Defence is no longer a weakness for England but Robert Lewandowski poses sternest test since 2020

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 (Getty Images)
(Getty Images)

Poland coach Paulo Sousa took the unusual step of admitting his side are reliant on captain Robert Lewandowski ahead of England’s World Cup qualifier here in Warsaw tonight.

“We don’t have the same level as England – if they lose a player, they have two or three of the same level. Here it’s just Robert,” said Sousa.

Gareth Southgate was quick to play down the Portuguese’s comments, insisting England are “not just looking at Lewandowski”, but clearly the veteran Bayern Munich striker represents the biggest threat to their hopes of effectively booking a place in Qatar with a sixth straight qualifying win.

England’s defence faced stern examinations at the European Championship but no outstanding individual in Lewandowski’s league and the defeat to Romelu Lukaku’s Belgium in November 2020 was probably the last time they were tested by a centre-forward of the Pole’s calibre. They lost 2-0, with Lukaku creating Belgium’s opening goal.

The record and perception of England’s defence has dramatically shifted since, however, and it is no longer an obvious weakness in Southgate’s squad.

Goalkeeper Jordan Pickford broke records which have stood since 1966 on the way to winning the Golden Glove at the Euros, while Kyle Walker and Harry Maguire were named in UEFA’s team of the tournament. John Stones and Luke Shaw were unfortunate to miss out, while Kieran Trippier also played his part in a number of positions.

England’s qualification to the Euros was punctuated by concerning bouts of openness, including in the chaotic 5-3 win over Kosovo and subsequent 2-1 defeat to the Czech Republic.

The return to the squad of Stones, Walker and Shaw after post-World Cup absences has made a difference but something in England’s belief and togetherness has changed, too.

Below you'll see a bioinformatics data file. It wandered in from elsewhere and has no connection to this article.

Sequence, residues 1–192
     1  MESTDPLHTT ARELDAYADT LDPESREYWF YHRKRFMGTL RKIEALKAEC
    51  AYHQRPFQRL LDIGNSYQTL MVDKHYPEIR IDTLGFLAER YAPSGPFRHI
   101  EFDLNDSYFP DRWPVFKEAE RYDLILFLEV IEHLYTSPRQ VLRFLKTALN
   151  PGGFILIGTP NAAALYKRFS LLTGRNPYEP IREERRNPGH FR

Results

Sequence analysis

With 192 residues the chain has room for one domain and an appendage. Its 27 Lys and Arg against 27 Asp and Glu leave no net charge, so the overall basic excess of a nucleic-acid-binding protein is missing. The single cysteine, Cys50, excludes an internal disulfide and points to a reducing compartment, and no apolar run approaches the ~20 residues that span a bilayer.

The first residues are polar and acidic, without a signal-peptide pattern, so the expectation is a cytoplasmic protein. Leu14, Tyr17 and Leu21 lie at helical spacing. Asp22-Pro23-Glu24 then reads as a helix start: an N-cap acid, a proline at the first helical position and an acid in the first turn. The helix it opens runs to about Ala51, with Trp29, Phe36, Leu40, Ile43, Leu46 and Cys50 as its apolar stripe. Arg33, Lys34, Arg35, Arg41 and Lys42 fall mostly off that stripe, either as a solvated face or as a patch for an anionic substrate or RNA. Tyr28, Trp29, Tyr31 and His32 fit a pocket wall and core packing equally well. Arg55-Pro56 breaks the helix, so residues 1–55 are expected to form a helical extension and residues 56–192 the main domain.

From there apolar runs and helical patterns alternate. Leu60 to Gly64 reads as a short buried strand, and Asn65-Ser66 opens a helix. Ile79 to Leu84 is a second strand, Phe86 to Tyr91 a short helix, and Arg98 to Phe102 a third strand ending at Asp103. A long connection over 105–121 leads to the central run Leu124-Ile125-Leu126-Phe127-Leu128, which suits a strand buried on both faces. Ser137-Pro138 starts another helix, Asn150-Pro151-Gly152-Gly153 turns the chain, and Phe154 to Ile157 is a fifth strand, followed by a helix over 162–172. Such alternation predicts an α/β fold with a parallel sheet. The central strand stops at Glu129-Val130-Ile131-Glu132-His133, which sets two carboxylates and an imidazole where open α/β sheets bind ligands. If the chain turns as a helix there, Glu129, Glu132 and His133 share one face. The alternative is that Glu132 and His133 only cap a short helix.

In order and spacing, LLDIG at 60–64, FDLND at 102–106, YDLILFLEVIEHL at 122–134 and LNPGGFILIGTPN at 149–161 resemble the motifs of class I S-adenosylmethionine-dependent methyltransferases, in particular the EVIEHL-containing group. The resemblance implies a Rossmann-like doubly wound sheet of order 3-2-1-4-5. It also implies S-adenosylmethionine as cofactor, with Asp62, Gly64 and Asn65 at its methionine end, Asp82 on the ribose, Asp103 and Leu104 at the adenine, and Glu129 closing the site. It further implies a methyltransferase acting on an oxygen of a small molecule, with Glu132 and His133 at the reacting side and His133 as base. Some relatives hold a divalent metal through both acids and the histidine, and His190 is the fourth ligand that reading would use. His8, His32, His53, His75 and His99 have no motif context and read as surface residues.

Even in the home meeting with Poland back in March, there was evidence of fragility, with Stones gifting the visitors a deserved equaliser by dawdling on the ball.

But tellingly, Stones not only recovered to set-up a later winner for Maguire but England did not concede again until Mikkel Damsgaard’s fabulous direct free-kick for Denmark in the Euro 2020 semi-final.

England’s squad no longer feels top-heavy and Southgate on Tuesday hailed the “esprit de corps” which has made his back-four or five such an impressive unit.

“Defending is sometimes taken for granted and I think it’s an art in itself,” said the former England centre-half.

“You have to have a pride in defending and there are details that are really importantly organisationally but also in the desire to really focus on it, take pride in it, take joy in keeping the ball out of the net, enjoy making those last-ditch clearances, making sure your positioning is correct early, making sure your body positioning is right and communication.

“They are a group who talk well, organise each other. So there’s a real esprit de corps, if you like, about that unit and that’s how it has to be. They have got that, they have grasped that and their defensive record over a long period of time now is exceptional. It gives us as a bedrock for the rest of the team to go and play.”

Lewandowski will test England’s defensive resolve, with Southgate expected to revert to the back four of Walker, Maguire, Stones and Shaw which started the 4-0 win in Hungary after making 11 changes for Sunday’s rout of Andorra.

While there are continued debates over the make-up of England’s midfield and front line, the quartet – along with the versatile Trippier – have quickly made the defence the most stable area of this England squad, with Ben Chilwell failing to make the latest cut and Trent Alexander-Arnold having to audition for a midfield spot.

“[Previously] we were constantly having to chop and change because we never had people fit,” Southgate said. “It’s been great to have that stability of selection. The players out of the squad know they’ve got to fight to get into the team and that’s what happens with

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